Gaia review – attack of the killer mushrooms

The mushroom is having a moment. Its magical qualities and deep connection with the Earth have been explored in numerous recent releases, including Louie Schwarzberg’s Fantastic Fungi. Also journeying into the curious kingdom of the fungus, this psychedelic eco-horror directed by Jaco Bouwer reimagines the mushroom as an environmental avenger that awes and petrifies all at once.

Deep in the belly of the lush Tsitsikamma national park in South Africa, forest ranger Gabi (Monique Rockman) gets seriously injured after stepping on a makeshift trap. Rescued by Barend (Carel Nel) and Stefan (Alex van Dyk), a father-and-son survivalist duo, Gabi soon finds out, to her horror, that they are not alone. Mushrooms of all colours, shapes and sizes are sprouting, not only on trees and inside darkened hollows but also on Gabi’s own body. The contagion is beautiful and macabre, turning the infected into zombie-like creatures covered in colourful spores, blindly roaming around in the dark.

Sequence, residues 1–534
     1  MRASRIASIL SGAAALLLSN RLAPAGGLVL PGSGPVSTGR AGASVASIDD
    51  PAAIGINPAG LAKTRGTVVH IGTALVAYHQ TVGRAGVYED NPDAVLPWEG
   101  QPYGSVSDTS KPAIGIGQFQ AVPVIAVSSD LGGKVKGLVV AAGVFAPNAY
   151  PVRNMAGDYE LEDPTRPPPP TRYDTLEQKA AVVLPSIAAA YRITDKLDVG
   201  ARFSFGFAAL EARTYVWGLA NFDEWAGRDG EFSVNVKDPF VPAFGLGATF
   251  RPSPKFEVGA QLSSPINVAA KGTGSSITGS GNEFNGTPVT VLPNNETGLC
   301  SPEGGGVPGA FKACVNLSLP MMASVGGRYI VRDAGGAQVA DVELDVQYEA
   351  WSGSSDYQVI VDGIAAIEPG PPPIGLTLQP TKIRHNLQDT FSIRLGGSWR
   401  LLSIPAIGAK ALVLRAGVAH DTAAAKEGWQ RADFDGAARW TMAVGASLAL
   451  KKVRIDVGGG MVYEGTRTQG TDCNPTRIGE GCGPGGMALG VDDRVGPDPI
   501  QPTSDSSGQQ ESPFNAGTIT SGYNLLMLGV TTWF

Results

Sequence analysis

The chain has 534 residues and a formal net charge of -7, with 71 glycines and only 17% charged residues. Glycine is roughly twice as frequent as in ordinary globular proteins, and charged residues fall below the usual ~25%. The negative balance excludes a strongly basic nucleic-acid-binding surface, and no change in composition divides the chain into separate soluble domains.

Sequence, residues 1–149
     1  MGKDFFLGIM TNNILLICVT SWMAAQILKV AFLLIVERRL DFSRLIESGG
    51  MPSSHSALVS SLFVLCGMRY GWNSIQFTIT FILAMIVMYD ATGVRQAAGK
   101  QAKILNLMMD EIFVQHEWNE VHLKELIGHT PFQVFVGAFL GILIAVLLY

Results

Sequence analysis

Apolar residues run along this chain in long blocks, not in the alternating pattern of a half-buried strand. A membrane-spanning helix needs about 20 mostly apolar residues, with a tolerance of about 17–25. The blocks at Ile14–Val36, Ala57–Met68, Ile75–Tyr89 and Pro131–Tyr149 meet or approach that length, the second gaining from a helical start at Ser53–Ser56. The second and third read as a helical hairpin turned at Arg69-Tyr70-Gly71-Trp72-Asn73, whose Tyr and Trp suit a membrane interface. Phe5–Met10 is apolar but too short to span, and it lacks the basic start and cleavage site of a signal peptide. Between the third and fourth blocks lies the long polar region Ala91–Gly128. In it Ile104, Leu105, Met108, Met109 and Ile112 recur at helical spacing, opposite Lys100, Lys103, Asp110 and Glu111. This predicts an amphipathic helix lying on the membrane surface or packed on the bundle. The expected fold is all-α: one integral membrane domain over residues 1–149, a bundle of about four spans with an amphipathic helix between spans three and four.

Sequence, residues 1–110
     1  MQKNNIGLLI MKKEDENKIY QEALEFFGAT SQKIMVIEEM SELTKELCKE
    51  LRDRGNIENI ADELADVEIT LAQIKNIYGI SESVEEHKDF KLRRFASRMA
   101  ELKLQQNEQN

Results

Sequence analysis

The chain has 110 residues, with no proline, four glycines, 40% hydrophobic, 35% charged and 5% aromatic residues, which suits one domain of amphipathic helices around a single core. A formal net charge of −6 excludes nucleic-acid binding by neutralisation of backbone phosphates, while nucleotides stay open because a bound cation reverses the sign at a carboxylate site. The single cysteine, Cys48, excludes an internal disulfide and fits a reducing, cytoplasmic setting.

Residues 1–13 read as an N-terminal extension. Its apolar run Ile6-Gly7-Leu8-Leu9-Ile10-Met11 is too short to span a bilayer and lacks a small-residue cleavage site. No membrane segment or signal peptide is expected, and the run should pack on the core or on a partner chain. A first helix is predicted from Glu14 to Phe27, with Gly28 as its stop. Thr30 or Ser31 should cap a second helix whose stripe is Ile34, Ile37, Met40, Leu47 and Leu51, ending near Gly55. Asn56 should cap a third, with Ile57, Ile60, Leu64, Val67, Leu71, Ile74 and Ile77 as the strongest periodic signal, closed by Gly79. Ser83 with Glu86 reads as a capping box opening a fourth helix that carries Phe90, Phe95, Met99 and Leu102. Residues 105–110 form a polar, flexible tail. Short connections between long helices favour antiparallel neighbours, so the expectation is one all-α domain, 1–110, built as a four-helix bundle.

This affliction feels almost biblical: a Judgment Day visited upon human beings by a scorned Mother Earth. Inderdaad, Barend, a former scientist, now writes militant manifestos and delivers long sermons about the damage done to the precious ecosystem. The hypnotic cinematography reflects this fervent spirituality; in one dream sequence, a naked Gabi sprawls over a mossy patch next to a sparkling pond, an image that recalls Lars von Trier’s Melancholia. While the script could have used a touch more work – little, byvoorbeeld, is made of Gabi’s background compared with her male counterparts – the innovative visual effects, which combine CGI and practical makeup, are truly mesmerising. Deaths in horror movies don’t need to be all gore to chill – and here, the terrifying act of dying can also feel like falling into goddess Gaia’s embrace.

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